Managing an iTunes library on an iPad and External Hard Drive
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Q: My laptop died on the weekend and it had my iTunes library on it. I have an iPod and an iPad 2. My music library is on an external hard drive. Can I manage my iTunes with just the iPad and external hard drive, or will I need a new laptop? Also, what is the best source to learn how to manage my iTunes more efficiently? I am not too well versed on the technology but would be willing to work at it.
A: Unfortunately, there is no practical way to manage an iTunes library without an actual computer running Windows PC or Mac OS X, as the iTunes desktop application is basically still required to handle most of your library management.
This is particularly true if you don’t already have all of your music synchronized onto your iPad or iPod and are instead relying on an external hard drive to store your content; the iPad has no way of directly connecting to media on an external hard drive without resorting to either jailbreaking your device or using third-party applications and a Wi-Fi network capable hard drive or NAS device. However, even if you were to take such an approach, you can’t really manage your iTunes library using these methods—they’re generally designed simply to allow you to stream content from the external drive.
If you had previously subscribed to iTunes Match, you can access your entire cloud-based iTunes library from any iOS device that shares the same iTunes account and download content to your device(s) using a Wi-Fi or 3G connection. iTunes Match—via the iOS “Music” app also provides a limited ability for creating and managing playlists, but does not allow you to do things like edit track information or create playlist folders or Smart Playlists. Further, you can’t actually add new music to iTunes Match from your iOS device from any source other than the iTunes Store, so you’ll still need a computer if you want to import CDs or digital music from other sources.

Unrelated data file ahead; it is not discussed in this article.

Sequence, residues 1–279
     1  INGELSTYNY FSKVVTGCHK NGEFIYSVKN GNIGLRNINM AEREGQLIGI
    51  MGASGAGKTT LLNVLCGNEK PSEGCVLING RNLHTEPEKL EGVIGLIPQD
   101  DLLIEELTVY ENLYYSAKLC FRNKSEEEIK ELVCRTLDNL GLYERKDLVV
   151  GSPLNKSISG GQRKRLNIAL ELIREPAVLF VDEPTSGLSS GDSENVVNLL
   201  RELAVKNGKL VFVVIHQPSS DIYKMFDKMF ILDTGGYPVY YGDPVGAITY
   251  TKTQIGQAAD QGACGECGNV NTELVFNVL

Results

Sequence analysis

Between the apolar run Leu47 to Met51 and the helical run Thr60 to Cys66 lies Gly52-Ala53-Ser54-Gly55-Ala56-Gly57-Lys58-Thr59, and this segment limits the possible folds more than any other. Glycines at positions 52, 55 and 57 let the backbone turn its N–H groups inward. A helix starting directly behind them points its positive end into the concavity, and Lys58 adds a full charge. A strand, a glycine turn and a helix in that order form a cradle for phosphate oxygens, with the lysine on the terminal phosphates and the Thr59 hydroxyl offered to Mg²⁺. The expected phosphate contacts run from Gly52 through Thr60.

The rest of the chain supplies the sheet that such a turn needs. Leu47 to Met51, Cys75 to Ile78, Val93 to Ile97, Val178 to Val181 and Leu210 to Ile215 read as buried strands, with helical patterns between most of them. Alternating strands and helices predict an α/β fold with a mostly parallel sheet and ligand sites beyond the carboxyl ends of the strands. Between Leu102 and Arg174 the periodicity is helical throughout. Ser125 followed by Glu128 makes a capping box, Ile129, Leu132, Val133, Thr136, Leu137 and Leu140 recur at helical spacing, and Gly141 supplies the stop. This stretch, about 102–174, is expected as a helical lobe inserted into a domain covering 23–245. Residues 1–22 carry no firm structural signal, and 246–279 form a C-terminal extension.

The bottom line is that despite all of Apple’s efforts to go “PC Free” with recent iOS versions, the truth is that if you intend to continue using your existing iTunes library, you are pretty much still required to have a computer in order to actually manage your music library and add new content from anywhere other than the iTunes Store.
Note that alternative services and applications are available that may work for you in place of iTunes and the iOS Music app, at least for music. However, these won’t necessarily provide all of the same features, and usually come at an additional price. One example is Amazon Cloud Player, which provides an iOS app and a cloud-based music library that can be managed from a web browser. Other more basic alternatives also exist, such as storing your music in a cloud file service like Dropbox, simply as a set of files, and then accessing your tracks through the Dropbox app or a third-party app such as McLoud designed to stream music from Dropbox. Even in these cases, however, you would still need access to a computer to upload the content from your external hard drive to the cloud in the first place.
For learning more about iTunes, we have a number of introductory and advanced tutorials. You can begin with our Beginner’s Guide to iTunes, which is designed to provide a good overview of how iTunes works and the general approach to media management, including links to additional tutorials for more specific areas. Once you’re done with that, be sure to check out our other Tutorials for any more specific information you may be looking for, as well as our Ask iLounge Archives for previous questions and answers from our other readers, organized by topic.
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